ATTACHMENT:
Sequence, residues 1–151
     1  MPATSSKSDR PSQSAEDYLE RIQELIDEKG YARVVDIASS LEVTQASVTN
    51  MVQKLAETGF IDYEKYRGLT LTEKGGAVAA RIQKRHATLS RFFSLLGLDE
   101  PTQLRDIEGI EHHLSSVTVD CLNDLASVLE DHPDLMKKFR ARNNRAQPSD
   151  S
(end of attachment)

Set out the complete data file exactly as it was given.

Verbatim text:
Sequence, residues 1–151
     1  MPATSSKSDR PSQSAEDYLE RIQELIDEKG YARVVDIASS LEVTQASVTN
    51  MVQKLAETGF IDYEKYRGLT LTEKGGAVAA RIQKRHATLS RFFSLLGLDE
   101  PTQLRDIEGI EHHLSSVTVD CLNDLASVLE DHPDLMKKFR ARNNRAQPSD
   151  S